The NBA was once hailed as the league of the giants. A league where big men dazzled and centers flourished - power and athleticism were residual hallmarks of the dominating talent.
Kyle Lowry and DeMar DeRozan of the Toronto Raptors are among a wave of talent changing that perception.
That might seem a sweeping statement, but let’s look at some facts. Kareem Abdul-Jabbar was 7’2”. Wilt Chamberlain was 7’1”. Bill Russell was 6’9. Shaquille O’Neal was 7’1” – all household names.
SIGN UP NOW
Want to become a GMS writer? Sign up now and submit a 250 word test article: https://gms.to/haveyoursay4
It could be argued that Magic Johnson is the greatest point guard of all-time and even he was 6’9”.
Damon Stoudamire, on the other hand, was all of 5’10”. Lest we forget Mighty Mouse, also a former Raptor.
But today’s NBA is a different landscape. The back court is steadily usurping the front and you don’t have to be the biggest guy on the floor to take a game over anymore.
Steph Curry and Klay Thompson are widely regarded as the greatest back court in the game today and their influence on the Golden State Warriors' continued success – which may see them better the Chicago Bulls '95-'96 roster's regular season record of 72-10 – is undeniable.
However, there’s another back court pairing turning heads around the league this season in the shape of Lowry and DeRozan.
The Toronto Raptors duo has been instrumental in their recent run of 15-1 which has seen them catapult to second in the Eastern Conference, only two wins off the Cleveland Cavaliers who set the pace at present.
The one game they dropped was to a 21-32 Denver Nuggets side currently languishing in 11th spot in the West. DeRozan dropped 24 points on the night, but a quiet night for Lowry, who registered just 10 points and two dimes, meant a quiet night for Toronto.
But, Lowry doesn’t have many quiet nights. The Philadelphia native, who turns 30-years-old next month, will start his second All-Star game in a row on Valentine’s Day and is the only Raptor to start period since Chris Bosh back in 2007.
Lowry is also the Eastern Player of the Month for January and it’s no surprise reading his stats. He’s netted an average of 21.1 points across his last 10 games in addition to 5.5 assists and 2.2 steals.
He was traded by the Houston Rockets in 2012, who, after Ty Lawson’s underwhelming debut season combined with Lowry’s rise, perhaps now wish they could turn back time.
Lowry’s partner in crime, Derozan, brings to the table a certain x-factor, too. California-born DeRozan is a habitual scorer from the two spot and has registered an average of 23.2 points a night this season – which is the 10th best in the NBA.
At 26-years-old, the 6’7” DeRozan is just entering the prime of his powers and alongside the trusty Lowry, the Raptors are a potent perimeter force.
Both men have featured in all 51 of the Raptors fixtures this season, which is yet another testament to their influence in the results.
The acquisition of DeMarre Carroll from the Atlanta Hawks and the presence of talented big man Jonas Valacuinas make the Raptors a tantalising prospect, but the latter pairing has only made 57 appearances this season between them.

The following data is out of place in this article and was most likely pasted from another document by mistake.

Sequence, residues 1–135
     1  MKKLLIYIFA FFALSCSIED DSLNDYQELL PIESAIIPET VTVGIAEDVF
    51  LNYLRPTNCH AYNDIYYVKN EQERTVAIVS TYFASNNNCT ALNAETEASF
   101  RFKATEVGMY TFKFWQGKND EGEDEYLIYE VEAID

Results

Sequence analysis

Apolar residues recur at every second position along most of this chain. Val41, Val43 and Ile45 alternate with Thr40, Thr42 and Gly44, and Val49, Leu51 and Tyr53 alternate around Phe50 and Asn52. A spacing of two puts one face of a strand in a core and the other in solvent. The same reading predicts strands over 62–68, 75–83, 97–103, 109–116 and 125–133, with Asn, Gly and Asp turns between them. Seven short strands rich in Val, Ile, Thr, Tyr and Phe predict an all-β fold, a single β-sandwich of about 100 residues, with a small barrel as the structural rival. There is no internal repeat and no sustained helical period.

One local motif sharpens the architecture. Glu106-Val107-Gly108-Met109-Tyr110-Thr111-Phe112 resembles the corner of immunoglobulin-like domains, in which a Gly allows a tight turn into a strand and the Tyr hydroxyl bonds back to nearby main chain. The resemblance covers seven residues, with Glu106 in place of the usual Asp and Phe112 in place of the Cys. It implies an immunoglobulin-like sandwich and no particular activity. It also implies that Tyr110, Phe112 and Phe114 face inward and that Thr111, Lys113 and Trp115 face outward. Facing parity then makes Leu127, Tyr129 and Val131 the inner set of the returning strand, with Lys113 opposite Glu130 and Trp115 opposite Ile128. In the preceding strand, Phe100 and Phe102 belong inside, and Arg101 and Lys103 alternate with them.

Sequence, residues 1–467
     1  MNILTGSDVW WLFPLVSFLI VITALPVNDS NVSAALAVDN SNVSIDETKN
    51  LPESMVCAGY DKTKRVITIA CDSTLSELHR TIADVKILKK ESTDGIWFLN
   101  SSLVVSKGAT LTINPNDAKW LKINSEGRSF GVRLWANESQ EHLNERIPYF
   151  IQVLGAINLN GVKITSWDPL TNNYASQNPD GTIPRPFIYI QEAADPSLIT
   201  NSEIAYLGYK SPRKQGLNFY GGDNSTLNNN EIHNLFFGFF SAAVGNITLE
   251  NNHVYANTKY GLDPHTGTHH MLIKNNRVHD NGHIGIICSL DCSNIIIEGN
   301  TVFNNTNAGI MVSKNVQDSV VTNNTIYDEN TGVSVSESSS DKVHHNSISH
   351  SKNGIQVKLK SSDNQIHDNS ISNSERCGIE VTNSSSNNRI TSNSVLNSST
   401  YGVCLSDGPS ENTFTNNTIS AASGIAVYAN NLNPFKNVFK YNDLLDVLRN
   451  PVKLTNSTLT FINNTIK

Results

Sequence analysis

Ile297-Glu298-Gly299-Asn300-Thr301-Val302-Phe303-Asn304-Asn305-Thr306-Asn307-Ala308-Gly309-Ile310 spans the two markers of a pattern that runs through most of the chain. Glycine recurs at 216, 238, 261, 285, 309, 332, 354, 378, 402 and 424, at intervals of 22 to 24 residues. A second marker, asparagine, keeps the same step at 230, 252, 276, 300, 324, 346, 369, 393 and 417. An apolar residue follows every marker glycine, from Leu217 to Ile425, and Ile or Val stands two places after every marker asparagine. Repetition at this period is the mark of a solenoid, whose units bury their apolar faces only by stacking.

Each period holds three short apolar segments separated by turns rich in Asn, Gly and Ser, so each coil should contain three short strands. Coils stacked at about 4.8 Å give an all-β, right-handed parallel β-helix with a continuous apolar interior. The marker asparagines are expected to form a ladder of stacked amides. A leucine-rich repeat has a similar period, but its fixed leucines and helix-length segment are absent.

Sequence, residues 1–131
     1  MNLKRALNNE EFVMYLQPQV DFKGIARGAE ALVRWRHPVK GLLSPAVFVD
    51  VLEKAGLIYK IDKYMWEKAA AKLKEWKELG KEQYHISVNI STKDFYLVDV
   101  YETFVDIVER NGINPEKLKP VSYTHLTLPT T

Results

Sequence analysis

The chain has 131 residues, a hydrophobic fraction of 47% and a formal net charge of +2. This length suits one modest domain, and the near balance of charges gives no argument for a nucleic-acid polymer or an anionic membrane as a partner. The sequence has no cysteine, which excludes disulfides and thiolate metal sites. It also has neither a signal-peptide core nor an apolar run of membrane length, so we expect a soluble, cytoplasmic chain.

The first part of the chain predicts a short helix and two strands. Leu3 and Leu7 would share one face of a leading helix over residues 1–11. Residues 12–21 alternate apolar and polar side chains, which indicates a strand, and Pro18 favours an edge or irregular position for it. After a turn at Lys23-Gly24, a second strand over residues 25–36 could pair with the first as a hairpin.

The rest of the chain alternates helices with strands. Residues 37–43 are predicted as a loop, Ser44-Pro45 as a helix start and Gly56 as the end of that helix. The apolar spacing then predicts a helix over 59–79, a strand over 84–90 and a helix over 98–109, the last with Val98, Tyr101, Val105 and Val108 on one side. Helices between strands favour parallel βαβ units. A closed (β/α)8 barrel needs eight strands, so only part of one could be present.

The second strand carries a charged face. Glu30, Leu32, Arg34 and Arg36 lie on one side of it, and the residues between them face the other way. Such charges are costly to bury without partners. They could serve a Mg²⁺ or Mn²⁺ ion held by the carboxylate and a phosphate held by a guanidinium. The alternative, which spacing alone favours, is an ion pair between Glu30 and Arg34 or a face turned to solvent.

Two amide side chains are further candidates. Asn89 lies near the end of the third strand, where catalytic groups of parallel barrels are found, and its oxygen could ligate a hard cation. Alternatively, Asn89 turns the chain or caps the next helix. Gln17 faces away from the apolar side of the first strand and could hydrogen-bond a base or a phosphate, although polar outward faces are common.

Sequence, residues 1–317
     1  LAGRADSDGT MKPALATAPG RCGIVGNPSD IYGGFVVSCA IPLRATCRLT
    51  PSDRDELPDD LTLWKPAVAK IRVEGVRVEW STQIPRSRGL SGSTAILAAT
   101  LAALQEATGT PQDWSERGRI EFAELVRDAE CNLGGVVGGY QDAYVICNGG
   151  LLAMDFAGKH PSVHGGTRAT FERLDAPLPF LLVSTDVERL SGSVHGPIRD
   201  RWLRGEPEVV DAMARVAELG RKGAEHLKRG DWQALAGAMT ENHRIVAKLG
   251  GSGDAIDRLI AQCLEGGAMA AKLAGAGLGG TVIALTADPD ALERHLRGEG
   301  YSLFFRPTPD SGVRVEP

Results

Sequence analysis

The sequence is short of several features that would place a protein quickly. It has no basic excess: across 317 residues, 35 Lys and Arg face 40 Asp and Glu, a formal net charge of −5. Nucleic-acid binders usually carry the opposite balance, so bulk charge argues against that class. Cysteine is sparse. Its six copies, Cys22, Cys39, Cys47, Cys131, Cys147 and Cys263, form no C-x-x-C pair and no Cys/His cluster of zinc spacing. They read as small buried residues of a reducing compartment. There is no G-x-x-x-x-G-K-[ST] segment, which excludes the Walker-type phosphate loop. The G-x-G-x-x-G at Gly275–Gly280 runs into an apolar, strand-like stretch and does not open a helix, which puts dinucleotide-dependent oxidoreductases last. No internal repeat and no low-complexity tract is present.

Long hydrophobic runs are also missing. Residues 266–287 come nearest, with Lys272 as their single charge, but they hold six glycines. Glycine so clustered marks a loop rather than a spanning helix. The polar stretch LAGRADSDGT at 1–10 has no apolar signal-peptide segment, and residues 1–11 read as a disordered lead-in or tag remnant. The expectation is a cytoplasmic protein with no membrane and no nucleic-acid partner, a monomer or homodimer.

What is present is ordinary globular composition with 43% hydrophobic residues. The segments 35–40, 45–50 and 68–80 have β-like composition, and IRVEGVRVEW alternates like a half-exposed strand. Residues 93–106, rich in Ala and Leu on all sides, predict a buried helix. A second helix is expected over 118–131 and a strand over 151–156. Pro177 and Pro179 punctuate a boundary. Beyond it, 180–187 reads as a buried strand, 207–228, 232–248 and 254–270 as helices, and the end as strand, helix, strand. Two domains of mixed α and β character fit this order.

Curry and Thompson have played in 49 games each this campaign. The continuity both the Warriors and Raptors offer in offense stemming from the back court has played a big part in both teams exemplary records and the Cavaliers are frantically looking over their shoulder.
There’s parallels to be drawn between the NBA champions and the Raptors for sure, but can the Canadian franchise make a deep run in the playoffs this year?
The Raptors have exited the playoffs at the first time of asking for the last two consecutive years, the first of which was the first time they qualified for the post season since 2007/08. Last season they endured a sweep loss to the Washington Wizards after enjoying home court advantage, so what’s changed?
Last season they endured a sweep loss to the Washington Wizards after enjoying home court advantage, so what’s changed?
Should the Raptors go on and finish second this year, they’ll face the seventh seed in the East. They have had home court advantage for the past two playoff attempts, but Lowry and DeRozan are far more polished in their play and their offense has a conviction to it now.
The addition of swingman Carroll is a definite game-changer, too (when he is healthy). The Raptors have better balance than ever before.
Lowry is second to DeRozan in points-per-game this season with an average of 21.1, but after the back court pairing, Valacuinas is next with 12.4, nearly half the average of DeRozan. Lowry also chucks up 6.2 assists per game and 2.25 steals per game, both team bests.
On top of all of that, Lowry holds the franchise record for triple-doubles in only his fourth year. The two-time All-Star is clearly the leader and chief and DeRozan is only going to soar alongside him as he gravitates towards his potential.
Jimmy Butler and Derrick Rose of the Bulls are a star-studded back court. Chris Paul and JJ Reddick of the Clippers can be extremely dangerous.
But Lowry and DeRozan are ensuring they are the pair on people's lips this season. After a few shortcomings in recent post-seasons, they have a lot more to prove.